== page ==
Author: Miguel Villalobos, MD
Metabolic Syndrome is a group of conditions that increase your risk of heart disease, stroke and diabetes. These conditions include:
High blood sugar. Eating too many carbohydrates can cause high blood sugar (or chronic hyperglycemia.) A blood sugar level of 100 mg/dL (milligrams per deciliter of blood) or higher is a metabolic risk factor. People with type 2 diabetes most likely also have metabolic syndrome, as a blood sugar level of 126 mg/dL or higher is considered diabetes.
Excess body fat around the waist. Carrying excess weight around your waist is also known as abdominal obesity. Women with a waist measurement of 35 inches or more or men with a waist measurement of 40 inches or more are at higher risk for heart disease and other health problems.
Abnormal cholesterol levels. HDL (or “good”) cholesterol helps remove LDL (or “bad”) cholesterol from your arteries. When HDL cholesterol levels are less than 50 mg/dL in women or less than 40 mg/dL in men, this is a metabolic risk factor. According to the American Heart Association, adults 20 and older should have their cholesterol checked every four to six years.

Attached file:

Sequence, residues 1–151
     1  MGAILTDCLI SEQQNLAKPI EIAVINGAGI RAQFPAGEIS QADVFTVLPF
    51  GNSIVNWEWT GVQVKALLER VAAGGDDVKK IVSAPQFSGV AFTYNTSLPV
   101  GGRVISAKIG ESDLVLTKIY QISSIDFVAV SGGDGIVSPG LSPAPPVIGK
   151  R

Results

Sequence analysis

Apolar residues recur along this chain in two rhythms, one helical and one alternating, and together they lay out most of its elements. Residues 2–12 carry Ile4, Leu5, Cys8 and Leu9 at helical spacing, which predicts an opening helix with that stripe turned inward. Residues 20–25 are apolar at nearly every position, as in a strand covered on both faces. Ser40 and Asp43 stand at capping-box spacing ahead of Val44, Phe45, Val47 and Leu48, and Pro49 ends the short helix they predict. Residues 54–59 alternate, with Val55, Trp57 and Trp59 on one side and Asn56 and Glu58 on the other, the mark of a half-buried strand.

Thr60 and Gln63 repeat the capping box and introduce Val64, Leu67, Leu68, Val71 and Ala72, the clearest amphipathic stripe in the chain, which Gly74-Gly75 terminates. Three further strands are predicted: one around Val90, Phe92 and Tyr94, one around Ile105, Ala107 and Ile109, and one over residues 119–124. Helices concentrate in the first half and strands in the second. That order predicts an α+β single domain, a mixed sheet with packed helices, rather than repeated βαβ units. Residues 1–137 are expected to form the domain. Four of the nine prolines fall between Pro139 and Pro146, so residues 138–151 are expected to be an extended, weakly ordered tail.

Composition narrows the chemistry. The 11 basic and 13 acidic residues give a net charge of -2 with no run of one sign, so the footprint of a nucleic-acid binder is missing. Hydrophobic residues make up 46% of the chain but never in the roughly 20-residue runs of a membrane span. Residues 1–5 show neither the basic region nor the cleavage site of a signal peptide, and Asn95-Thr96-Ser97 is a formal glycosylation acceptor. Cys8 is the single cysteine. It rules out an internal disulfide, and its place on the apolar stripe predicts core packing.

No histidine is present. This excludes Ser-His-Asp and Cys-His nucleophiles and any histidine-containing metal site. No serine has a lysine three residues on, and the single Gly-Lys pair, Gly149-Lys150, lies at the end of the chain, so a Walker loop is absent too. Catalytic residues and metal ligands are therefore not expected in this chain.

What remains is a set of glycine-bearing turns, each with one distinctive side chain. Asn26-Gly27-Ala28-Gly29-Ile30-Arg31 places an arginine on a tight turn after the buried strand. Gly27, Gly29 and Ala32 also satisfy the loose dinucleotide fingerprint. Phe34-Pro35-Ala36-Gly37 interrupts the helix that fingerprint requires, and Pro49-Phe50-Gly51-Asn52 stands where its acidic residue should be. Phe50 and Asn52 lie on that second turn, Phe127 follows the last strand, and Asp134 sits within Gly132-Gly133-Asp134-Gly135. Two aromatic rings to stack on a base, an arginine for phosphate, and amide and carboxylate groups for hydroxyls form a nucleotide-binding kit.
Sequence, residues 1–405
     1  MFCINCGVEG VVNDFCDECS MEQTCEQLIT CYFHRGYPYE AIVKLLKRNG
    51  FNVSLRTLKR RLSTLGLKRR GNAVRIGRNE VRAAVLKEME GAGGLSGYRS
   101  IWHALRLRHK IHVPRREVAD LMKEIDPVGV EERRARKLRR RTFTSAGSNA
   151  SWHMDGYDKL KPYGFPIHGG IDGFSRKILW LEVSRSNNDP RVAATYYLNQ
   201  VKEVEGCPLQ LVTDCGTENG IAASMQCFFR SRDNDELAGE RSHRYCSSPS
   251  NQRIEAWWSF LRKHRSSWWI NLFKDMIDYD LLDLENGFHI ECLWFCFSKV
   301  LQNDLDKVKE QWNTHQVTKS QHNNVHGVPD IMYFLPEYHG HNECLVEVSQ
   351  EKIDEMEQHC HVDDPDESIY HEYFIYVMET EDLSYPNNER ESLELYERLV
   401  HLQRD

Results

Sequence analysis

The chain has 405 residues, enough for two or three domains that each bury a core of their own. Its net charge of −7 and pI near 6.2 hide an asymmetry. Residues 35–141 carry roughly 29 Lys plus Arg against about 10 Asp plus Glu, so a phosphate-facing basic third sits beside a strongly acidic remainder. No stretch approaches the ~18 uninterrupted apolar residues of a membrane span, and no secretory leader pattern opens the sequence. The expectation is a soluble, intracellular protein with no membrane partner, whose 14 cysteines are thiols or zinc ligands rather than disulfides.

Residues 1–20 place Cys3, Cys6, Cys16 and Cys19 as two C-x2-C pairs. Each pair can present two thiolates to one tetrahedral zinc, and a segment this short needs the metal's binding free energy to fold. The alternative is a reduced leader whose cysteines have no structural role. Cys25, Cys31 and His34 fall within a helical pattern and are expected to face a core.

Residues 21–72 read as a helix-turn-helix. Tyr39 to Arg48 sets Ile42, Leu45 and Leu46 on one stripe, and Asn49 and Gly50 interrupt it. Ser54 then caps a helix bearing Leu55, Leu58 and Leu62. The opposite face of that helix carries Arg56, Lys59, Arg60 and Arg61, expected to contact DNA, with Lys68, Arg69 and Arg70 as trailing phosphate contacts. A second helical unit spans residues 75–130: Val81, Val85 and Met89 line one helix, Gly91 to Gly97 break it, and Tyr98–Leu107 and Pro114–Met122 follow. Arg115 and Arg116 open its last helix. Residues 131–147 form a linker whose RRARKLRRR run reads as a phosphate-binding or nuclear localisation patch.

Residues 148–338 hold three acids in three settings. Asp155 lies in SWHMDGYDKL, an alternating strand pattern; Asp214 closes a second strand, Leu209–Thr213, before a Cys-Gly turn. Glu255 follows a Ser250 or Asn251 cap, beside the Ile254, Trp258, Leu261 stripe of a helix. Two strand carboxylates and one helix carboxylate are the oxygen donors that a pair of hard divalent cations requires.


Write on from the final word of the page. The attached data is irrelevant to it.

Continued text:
High triglyceride levels. Triglycerides are fats from the food we eat that are found in the blood. A normal triglyceride level is considered 200 mg/dL or lower. Elevated triglycerides put you at greater risk for metabolic syndrome. To lower triglycerides, reduce your intake of sweets, alcohol, and carbohydrate-rich foods. Instead, increase your intake of Omega-3 fatty acids, which are found in cold-water fish like halibut, salmon and mackerel. It is also important to maintain a healthy weight.
High blood pressure. When your blood pressure is above 130/85 mmHg, or if you are on medication to treat high blood pressure, your chances of having metabolic syndrome increase. You can help lower your blood pressure by eating healthy, reducing salt, engaging in physical activity, limiting alcohol, quitting smoking, and managing your stress level.
Statistics for Utah
- There were more than 113,000 heart disease cases in 2010.
- There were nearly 30,000 cases of obesity-related cancer in 2010.
- In 2013, 24% of the adult population (or 390,000 people) had hypertension
- 1% of Utah adults (or 164,000 people) had diabetes in 2013.
If you have Metabolic Syndrome, your risk for heart attack and stroke nearly doubles. Making serious lifestyle changes can help you reduce or manage risk factors that can lead to Metabolic Syndrome. Your doctor can help you determine whether you have Metabolic Syndrome and develop a plan to reduce risk factors and improve your health.